Nissan ProPilot Joins a Bumpy Road for Autonomous Driving Aids
With Tesla’s Autopilot under intense scrutiny, it seems like a strange time to launch an autonomous driving feature. But that’s exactly what Nissan has done, unveiling its new ProPilot system less than two weeks after we learned of the first fatal autonomous Tesla crash.
Nissan’s system, which will be available on new Serena minivan models in Japan as soon as next month, is able to take control of accelerating, braking, and steering. The automaker claims that it can handle highway driving as well as stop-and-go traffic in a single lane.
Much like Tesla’s Autopilot, the system is reported to use an onboard camera and image-processing software to recognize vehicles and road markings. The system controls the position of the car relative to the vehicle in front, while driving at speeds between 20 mph and 60 mph.
Nissan’s executive vice president, Hideyuki Sakamoto, has been quick to point out the limitations of the technology, explaining that “these functions are meant to support drivers, and are not meant as self-driving capabilities." The point isn’t to be able to take your hands off the wheel, according to Nissan—though that is possible.
Like Tesla’s system, when the driver removes their hands from the wheel, a warning is shown on the dashboard. However, unlike Autopilot, ProPilot will deactivate if the driver doesn’t replace their hands upon the wheel after several seconds. That final feature may prove to be a strength for ProPilot in the eyes of regulators.
Three Tesla crashes involving Autopilot are now under investigation by the National Highway Traffic Safety Administration, though only one proved fatal. In that incident, the driver was killed when his car hit the side of truck that the autonomous system failed to detect. Data from the vehicle suggests none of the car’s controls were used by the driver immediately before impact.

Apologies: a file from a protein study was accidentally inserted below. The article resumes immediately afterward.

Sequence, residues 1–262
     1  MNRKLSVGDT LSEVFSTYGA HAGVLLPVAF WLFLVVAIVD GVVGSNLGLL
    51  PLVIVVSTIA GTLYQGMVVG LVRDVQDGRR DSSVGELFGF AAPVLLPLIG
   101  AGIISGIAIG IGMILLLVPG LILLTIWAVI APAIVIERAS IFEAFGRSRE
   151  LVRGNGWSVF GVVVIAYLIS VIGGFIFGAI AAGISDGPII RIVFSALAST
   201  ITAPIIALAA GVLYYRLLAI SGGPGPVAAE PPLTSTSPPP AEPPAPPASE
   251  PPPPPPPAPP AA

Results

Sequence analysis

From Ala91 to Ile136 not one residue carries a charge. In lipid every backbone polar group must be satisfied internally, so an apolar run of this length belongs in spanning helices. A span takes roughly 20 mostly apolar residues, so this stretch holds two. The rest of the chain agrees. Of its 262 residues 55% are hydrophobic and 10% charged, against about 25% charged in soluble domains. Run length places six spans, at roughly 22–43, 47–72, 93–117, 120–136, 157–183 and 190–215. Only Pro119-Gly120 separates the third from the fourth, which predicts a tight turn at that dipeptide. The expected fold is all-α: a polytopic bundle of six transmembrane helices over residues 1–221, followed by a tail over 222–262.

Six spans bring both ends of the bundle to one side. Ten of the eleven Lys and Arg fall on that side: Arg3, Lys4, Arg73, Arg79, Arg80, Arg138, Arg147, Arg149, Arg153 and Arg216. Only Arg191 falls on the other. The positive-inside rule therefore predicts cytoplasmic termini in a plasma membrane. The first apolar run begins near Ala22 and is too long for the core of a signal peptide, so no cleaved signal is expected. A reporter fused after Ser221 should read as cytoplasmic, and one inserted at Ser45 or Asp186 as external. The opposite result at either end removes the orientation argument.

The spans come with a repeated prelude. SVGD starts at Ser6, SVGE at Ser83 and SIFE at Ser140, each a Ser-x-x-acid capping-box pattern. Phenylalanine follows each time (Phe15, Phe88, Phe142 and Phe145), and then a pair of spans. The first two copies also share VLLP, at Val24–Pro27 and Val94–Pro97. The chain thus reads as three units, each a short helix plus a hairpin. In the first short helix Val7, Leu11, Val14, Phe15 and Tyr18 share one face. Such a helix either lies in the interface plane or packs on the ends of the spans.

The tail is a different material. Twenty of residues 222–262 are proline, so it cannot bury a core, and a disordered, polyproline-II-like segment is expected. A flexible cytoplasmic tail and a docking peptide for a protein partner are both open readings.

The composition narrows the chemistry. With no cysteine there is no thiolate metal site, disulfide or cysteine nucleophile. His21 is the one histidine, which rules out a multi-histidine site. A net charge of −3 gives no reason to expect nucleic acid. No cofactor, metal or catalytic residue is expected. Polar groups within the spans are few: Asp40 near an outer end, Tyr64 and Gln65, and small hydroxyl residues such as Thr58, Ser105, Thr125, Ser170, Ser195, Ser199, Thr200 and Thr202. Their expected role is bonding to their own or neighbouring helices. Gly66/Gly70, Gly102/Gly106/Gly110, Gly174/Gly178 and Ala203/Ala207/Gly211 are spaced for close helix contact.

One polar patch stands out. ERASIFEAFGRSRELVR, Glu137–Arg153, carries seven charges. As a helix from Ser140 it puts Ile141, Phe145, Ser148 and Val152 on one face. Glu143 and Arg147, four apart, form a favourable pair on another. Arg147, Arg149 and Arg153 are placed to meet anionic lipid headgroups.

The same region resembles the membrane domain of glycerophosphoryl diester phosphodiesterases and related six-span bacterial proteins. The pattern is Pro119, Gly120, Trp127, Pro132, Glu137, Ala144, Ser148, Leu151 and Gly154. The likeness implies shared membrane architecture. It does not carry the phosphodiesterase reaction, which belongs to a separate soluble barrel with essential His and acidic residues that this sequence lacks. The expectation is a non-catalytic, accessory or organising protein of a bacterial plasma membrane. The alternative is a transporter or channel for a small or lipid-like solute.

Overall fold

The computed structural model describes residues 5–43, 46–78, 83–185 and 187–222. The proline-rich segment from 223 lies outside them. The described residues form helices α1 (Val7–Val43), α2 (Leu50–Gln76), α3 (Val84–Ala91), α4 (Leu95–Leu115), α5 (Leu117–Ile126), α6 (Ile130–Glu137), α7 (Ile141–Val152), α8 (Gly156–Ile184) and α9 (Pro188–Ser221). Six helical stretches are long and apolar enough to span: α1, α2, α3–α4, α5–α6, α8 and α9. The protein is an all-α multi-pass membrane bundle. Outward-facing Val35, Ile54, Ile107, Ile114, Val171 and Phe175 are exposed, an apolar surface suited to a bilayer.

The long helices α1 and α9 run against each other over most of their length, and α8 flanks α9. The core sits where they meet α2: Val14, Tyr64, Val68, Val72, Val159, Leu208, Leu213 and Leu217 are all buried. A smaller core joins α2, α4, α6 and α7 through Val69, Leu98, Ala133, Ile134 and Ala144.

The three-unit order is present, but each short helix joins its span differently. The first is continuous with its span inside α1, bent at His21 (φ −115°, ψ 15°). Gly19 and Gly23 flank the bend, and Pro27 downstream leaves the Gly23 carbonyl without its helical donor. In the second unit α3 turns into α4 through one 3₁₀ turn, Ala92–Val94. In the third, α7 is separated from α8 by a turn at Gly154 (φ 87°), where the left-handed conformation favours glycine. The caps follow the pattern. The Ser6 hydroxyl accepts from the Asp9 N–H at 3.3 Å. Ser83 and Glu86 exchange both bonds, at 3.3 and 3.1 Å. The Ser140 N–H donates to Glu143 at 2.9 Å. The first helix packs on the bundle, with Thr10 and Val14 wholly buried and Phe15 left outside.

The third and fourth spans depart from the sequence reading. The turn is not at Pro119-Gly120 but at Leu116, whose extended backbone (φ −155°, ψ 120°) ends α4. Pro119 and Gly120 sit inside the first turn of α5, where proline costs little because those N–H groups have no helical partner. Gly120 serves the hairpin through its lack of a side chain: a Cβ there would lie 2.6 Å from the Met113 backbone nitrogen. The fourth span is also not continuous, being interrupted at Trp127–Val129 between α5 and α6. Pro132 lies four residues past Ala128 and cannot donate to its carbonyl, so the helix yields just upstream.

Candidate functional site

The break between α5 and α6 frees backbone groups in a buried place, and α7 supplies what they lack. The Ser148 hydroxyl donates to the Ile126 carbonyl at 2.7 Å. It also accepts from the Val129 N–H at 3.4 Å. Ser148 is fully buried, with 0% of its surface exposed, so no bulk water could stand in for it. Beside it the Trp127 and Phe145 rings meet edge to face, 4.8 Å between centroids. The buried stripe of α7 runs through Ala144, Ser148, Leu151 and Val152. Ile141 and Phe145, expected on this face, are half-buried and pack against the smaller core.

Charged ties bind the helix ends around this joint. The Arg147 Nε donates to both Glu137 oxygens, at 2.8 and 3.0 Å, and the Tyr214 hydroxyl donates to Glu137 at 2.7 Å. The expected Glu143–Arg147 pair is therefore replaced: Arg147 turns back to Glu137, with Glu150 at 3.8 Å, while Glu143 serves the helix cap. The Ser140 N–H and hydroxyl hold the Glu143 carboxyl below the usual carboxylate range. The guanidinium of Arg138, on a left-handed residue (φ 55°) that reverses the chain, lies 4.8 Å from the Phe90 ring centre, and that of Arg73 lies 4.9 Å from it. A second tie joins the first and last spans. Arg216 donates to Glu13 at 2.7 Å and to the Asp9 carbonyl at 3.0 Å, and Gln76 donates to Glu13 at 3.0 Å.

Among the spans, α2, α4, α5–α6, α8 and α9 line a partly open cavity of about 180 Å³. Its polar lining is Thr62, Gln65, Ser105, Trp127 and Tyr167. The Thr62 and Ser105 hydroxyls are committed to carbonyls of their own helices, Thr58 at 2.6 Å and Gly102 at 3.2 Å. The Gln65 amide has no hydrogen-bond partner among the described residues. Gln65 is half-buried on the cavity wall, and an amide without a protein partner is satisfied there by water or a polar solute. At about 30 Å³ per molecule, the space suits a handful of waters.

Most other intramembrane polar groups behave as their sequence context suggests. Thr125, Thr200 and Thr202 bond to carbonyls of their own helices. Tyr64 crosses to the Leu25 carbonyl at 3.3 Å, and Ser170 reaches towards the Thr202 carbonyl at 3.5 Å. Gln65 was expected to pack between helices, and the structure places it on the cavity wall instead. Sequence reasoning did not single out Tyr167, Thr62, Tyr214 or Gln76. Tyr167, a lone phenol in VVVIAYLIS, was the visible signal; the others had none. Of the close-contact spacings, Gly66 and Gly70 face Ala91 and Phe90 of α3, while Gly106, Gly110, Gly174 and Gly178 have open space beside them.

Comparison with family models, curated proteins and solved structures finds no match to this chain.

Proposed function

The recent events surrounding Tesla’s Autopilot make it an awkward time to roll out an autonomous driving features of any kind. Over the coming weeks, the National Highway Traffic Safety Administration and the National Transportation Safety Board will consider evidence regarding the recent crashes—potentially publishing guidelines that shape the future of self-driving cars.
(Read more: Reuters, Bloomberg, Pocket-Lint, “Tesla Investigations Could Question Viability of Semi-Autonomous Driving,” “Fatal Tesla Autopilot Crash Is a Reminder Autonomous Cars Will Sometimes Screw Up”)
Geoffrey Hinton tells us why he’s now scared of the tech he helped build
“I have suddenly switched my views on whether these things are going to be more intelligent than us.”
ChatGPT is going to change education, not destroy it
The narrative around cheating students doesn’t tell the whole story. Meet the teachers who think generative AI could actually make learning better.
Meet the people who use Notion to plan their whole lives
The workplace tool’s appeal extends far beyond organizing work projects. Many users find it’s just as useful for managing their free time.
Learning to code isn’t enough
Historically, learn-to-code efforts have provided opportunities for the few, but new efforts are aiming to be inclusive.
Get the latest updates from
MIT Technology Review
Discover special offers, top stories, upcoming events, and more.